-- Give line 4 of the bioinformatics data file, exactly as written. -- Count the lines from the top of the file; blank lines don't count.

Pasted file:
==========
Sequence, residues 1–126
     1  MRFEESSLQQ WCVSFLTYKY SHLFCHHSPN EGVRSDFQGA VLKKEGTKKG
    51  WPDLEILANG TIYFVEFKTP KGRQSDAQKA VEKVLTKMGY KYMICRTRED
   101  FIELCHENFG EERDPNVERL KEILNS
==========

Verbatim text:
   101  FIELCHENFG EERDPNVERL KEILNS